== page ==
Virginia Ecological Services
Northeast Region

Longleaf Pine Restoration

Less than 3 percent of the original longleaf forests remain in the southeastern United States. The U.S. Fish and Wildlife Service Partners for Fish and Wildlife (PFW) Program is participating in a long-term federal, state, and non-profit effort to restore longleaf pine savannah and its dependant species to a portion of what was once 1 million acres of longleaf pine in Virginia (detailed range map - PDF) . The U.S. Fish and Wildlife Service and its partners are currently restoring longleaf pine habitat potentially suitable for red-cockaded woodpecker (federally listed as endangered). Approximately 478 acres of suitable uplands will be prepared and planted with longleaf pine.

Map depicting the historic range of longleaf pine
Map Credit: America's Longleaf Intiative

Photograph of a Red-cockaded woodpecker

Longleaf pine restoration in Sussex and Southampton Counties, Virginia will be accomplished by conducting site preparation (clearing, spraying, and/or burning as appropriate), planting, and monitoring.  Completed projects will result in the restoration of longleaf pine forest communities; habitat for red-cockaded woodpecker and many high priority migratory birds, including Bachman’s sparrow, prairie warbler, brown thrasher, brown-headed nuthatch, Eastern towhee, and Eastern wood peewee.

Our partners, The Nature Conservancy, The Virginia Natural Heritage Program, Natural Resources Conservation Service, and the Virginia Department of Forestry have been active in providing technical and financial support in the area west of the Great Dismal Swamp NWR where longleaf pine and the red-cockaded woodpecker currently reach their northern limits.

 

Current and Historic Distribution of Red-cockaded Woodpecker
Map depicting the historic and current distribution range for Red-cockaded woodpecker
Map Credit: From Our Living Resources: A Report to the Nation on the Distribution, Abundance, and Health of U.S. Plants, Animals, and Ecosystems. Costa and Walker, 1995.

Restoration of agricultural fields to longleaf pine forests and long-term protection of restored upland areas draining to the Nottoway River will reduce sedimentation and increase water quality. This is particularly important to the federally listed endangered Roanoke logperch (PDF - 1.2MB), which needs unsilted substrate for more successful reproduction and juvenile foraging. Dwarf wedge mussel (PDF), federally listed endangered, will also benefit from a reduction in silt, nutrients and herbicides from agricultural fields and managed loblolly pine plantations, providing higher quality habitat for reproduction and filter feeding. Similar to Roanoke logperch, the Roanoke bass will benefit from improvements in water quality and foraging habitat. Yellow lance may also benefit from habitat enhancements resulting from this project.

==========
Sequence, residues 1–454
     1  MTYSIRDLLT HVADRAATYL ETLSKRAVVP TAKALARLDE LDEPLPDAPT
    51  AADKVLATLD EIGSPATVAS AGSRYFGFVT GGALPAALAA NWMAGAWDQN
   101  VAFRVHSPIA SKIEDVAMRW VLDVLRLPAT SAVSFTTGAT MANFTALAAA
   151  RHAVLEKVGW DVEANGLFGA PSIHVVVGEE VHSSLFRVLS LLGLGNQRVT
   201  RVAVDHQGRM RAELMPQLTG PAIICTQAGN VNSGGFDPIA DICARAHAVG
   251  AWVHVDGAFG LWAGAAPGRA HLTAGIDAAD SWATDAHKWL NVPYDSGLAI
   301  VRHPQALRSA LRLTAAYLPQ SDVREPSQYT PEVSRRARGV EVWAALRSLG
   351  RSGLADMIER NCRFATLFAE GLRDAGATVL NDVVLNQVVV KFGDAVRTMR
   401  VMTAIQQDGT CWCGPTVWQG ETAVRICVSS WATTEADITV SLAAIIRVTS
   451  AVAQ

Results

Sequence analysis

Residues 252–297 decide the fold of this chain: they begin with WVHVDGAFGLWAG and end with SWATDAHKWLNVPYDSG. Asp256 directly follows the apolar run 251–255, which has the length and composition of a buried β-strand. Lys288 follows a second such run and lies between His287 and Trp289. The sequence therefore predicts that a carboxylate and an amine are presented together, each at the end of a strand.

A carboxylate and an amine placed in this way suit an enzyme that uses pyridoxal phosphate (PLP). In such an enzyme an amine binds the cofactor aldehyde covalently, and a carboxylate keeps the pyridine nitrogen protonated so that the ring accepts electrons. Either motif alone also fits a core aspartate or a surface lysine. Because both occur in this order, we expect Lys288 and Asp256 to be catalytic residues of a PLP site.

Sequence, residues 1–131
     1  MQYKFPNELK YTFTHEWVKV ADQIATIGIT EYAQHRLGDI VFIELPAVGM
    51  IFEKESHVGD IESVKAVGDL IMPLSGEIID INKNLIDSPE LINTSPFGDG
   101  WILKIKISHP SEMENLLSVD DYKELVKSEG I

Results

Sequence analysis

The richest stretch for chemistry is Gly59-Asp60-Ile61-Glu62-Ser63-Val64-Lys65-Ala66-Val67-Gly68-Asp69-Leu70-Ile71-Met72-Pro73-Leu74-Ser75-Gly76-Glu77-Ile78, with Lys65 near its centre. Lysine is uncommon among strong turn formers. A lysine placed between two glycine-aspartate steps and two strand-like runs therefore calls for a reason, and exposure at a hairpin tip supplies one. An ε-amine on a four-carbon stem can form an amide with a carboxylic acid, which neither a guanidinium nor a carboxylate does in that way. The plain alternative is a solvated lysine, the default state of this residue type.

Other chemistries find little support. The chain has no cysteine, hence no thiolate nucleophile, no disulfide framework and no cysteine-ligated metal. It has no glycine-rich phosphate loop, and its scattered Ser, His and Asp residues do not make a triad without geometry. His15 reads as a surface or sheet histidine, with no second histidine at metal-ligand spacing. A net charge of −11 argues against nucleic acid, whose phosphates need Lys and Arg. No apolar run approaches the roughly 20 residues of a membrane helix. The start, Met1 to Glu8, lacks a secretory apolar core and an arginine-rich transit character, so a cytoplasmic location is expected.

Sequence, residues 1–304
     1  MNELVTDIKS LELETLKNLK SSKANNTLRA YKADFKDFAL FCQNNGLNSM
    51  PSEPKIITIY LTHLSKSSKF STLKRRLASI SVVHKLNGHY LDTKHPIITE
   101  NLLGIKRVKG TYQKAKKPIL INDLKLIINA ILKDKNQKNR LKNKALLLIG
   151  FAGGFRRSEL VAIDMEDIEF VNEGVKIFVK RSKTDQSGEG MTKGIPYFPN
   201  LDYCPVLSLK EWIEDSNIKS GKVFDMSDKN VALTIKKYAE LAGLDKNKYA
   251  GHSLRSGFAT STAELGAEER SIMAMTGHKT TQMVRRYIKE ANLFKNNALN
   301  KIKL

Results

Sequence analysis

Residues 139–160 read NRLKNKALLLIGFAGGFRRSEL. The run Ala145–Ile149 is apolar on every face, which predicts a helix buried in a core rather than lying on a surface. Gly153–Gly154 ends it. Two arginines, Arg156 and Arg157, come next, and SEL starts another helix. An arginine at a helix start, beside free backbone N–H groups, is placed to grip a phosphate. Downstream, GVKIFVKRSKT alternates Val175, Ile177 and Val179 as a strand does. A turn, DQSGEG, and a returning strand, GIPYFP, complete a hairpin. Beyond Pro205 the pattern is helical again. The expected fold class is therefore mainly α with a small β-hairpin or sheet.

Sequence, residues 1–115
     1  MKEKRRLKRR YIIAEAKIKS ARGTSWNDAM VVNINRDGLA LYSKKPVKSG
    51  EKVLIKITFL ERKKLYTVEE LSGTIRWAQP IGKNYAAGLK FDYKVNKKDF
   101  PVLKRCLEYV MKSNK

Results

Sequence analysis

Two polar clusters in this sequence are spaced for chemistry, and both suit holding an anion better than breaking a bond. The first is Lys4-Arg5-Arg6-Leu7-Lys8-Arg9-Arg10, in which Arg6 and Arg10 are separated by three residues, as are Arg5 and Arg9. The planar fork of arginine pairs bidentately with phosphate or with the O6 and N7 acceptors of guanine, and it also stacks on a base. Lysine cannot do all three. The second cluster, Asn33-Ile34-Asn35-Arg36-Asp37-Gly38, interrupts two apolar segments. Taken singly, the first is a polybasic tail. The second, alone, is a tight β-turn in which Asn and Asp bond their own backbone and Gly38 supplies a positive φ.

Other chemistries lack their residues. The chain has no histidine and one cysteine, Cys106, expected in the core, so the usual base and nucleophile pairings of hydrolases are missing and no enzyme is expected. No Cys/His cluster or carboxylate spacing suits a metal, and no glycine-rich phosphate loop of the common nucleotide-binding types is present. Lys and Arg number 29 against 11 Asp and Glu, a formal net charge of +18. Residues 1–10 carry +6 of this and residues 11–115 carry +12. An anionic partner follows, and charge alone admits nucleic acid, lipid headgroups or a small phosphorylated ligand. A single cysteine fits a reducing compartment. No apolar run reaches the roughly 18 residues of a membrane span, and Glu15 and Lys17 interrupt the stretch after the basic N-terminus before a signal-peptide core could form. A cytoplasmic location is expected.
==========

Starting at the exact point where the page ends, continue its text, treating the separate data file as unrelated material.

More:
The vision of America's Longleaf Pine Initiative is "to have functional, viable, longleaf pine ecosystems with the full spectrum of ecological, economic, and social values inspired through a voluntary partnership of concerned, motivated organizations and individuals. Meeting this challenge will require the strategic coordination of conservation actions among many partners and sectors that influence land use, with the goal of ensuring long-term sustainability and resiliency of these systems, and their constituent biodiversity." In 2009 they released their Range-wide Conservation Plan for Longleaf Pine (PDF- 4.35MB) . The Virginia longleaf pine restoration partnership is part of America's Longleaf Initiative.

Useful links:

Logo for Partners for Fish and Wildlife Program

Partners for FWS

Overview

Focal Areas

Who Qualifies

Copper Creek

Lake Tecumseh

Longleaf Pine

Power Dam

South Martha Washington Wetlands

Southern Tip Ecological Partnership, Phase III

Veterans Memorial Park Dam

Completed Projects

Our Partners

Contact Us

Frequently Asked Questions

Last updated: December 6, 2012
All images by FWS unless otherwise noted.